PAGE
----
50-year sand project reaches ‘important milestone’
The Encinitas and Solana Beach sand project — in the works for 15 years — cleared a key hurdle last week when top brass at the U.S. Army Corps of Engineers voted 5-0 to advance the plan.
The mayors of the two cities, accompanied by local project teams, traveled to Washington, D.C., to make the case April 21 for the 50-year project in front of the Army Corps of Engineers Civil Works Review Board.
“This is an important milestone for a project that will improve public safety,” Encinitas Mayor Kristin Gaspar said. The plan would regularly place offshore sand on local beaches to protect infrastructure and coastal access, she said.
In recent years, the 50-year replenishment plan has been hit with setbacks, but the cities have managed to move it past each roadblock.
The project was reworked in late 2013 to unload less sand on beaches, a change that satisfied the California Coastal Commission. A few months before, the commission voted against the project due to concerns that too much replenishment sand could harm marine life and surf spots.
Yet because the revised plan called for less sand on beaches, it ran the risk of losing federal funding. Specifically, Corps officials two years ago said they would be reluctant to back a smaller-scale project, because it wouldn’t be as economically beneficial under a cost-benefit ratio model.
In hopes of getting the OK from the Corps, the cities requested a hearing in front of the Civil Review Works Board, which gives the thumbs-up or -down to infrastructure projects across the country, Gaspar said.
Because of the Corps’ reservations about a smaller project, Gaspar said the cities were told beforehand they had a “slim chance” of winning approval. Solana Beach Mayor Lesa Heebner joined Gaspar in the 15-minute hearing presentation in Washington, D.C.
Gaspar said it was key for the board to hear from the cities in person.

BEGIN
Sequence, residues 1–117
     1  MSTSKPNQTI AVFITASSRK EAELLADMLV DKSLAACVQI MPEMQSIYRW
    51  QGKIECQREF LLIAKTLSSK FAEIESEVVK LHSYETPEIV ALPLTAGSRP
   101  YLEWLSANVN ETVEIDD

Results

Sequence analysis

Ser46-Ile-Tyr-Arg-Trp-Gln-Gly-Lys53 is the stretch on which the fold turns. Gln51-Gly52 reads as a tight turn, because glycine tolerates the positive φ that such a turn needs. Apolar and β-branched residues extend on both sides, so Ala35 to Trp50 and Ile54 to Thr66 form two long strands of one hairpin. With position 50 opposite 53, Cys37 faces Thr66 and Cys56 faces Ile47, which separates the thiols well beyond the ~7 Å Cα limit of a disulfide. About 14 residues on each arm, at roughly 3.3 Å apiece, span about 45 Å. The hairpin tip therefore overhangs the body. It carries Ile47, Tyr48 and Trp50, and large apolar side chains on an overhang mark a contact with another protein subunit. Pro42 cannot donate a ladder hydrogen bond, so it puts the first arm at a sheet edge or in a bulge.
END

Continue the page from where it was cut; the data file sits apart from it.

“They can read logistics and facts on a sheet all day long, but it’s really important to hear that personal narrative and how it would help our cities,” she said.
Further state and agency reviews are still necessary for the project to move forward. Nonetheless, Gaspar said, this was “a huge step,” particularly because the project is now much closer to being eligible for the Water Resources Development Act, a federal infrastructure bill.
Solana Beach’s first replenishment would be 700,000 cubic yards of sand, followed by roughly 290,000 cubic yards of sand every 10 years during the project lifespan.
In Encinitas, the plan would place 340,000 cubic yards of sand on the beach during the initial replenishment, followed by around 220,000 cubic yards of sand every five years.
For both cities, that’s less sand than was proposed two years ago, when the project first went before the California Coastal Commission. Back then, representatives from the San Diego Surfrider Foundation argued that the larger plan would have overwhelmed marine life and surfing reefs.
“Long story short — we’re happy with the changes that were made,” said Julia Chunn-Heer, policy manager with the San Diego Surfrider Foundation.
Chunn-Heer said it’s good that the amount of sand was reduced, and that the northern terminus of Solana Beach sand was moved so there would be less impact on Tabletops Reef.
Still, she said, for the price of the plan, the cities could have looked at buying bluff-top properties to allow for “managed retreat.” That way, the bluffs could naturally erode, putting sand back on the beaches.
She added managed retreat is “the only real long-term solution.”
But if the project moves forward, the impacts to surf spots should at least be monitored, Chunn-Heer stated.
“We need to protect that important resource,” she said.
Katherine Weldon, the city’s shoreline preservation manager, said the project would widen beaches to prepare for rising sea levels and future El Nino weather patterns.
“We’re not trying to respond to disasters, but prepare for disasters and be ahead of the game,” Weldon said.
If all goes as planned, the project will begin in 2018, according to Gaspar.
This article has been updated to clarify Chunn-Heer’s view that managed retreat is “the only real long-term solution.”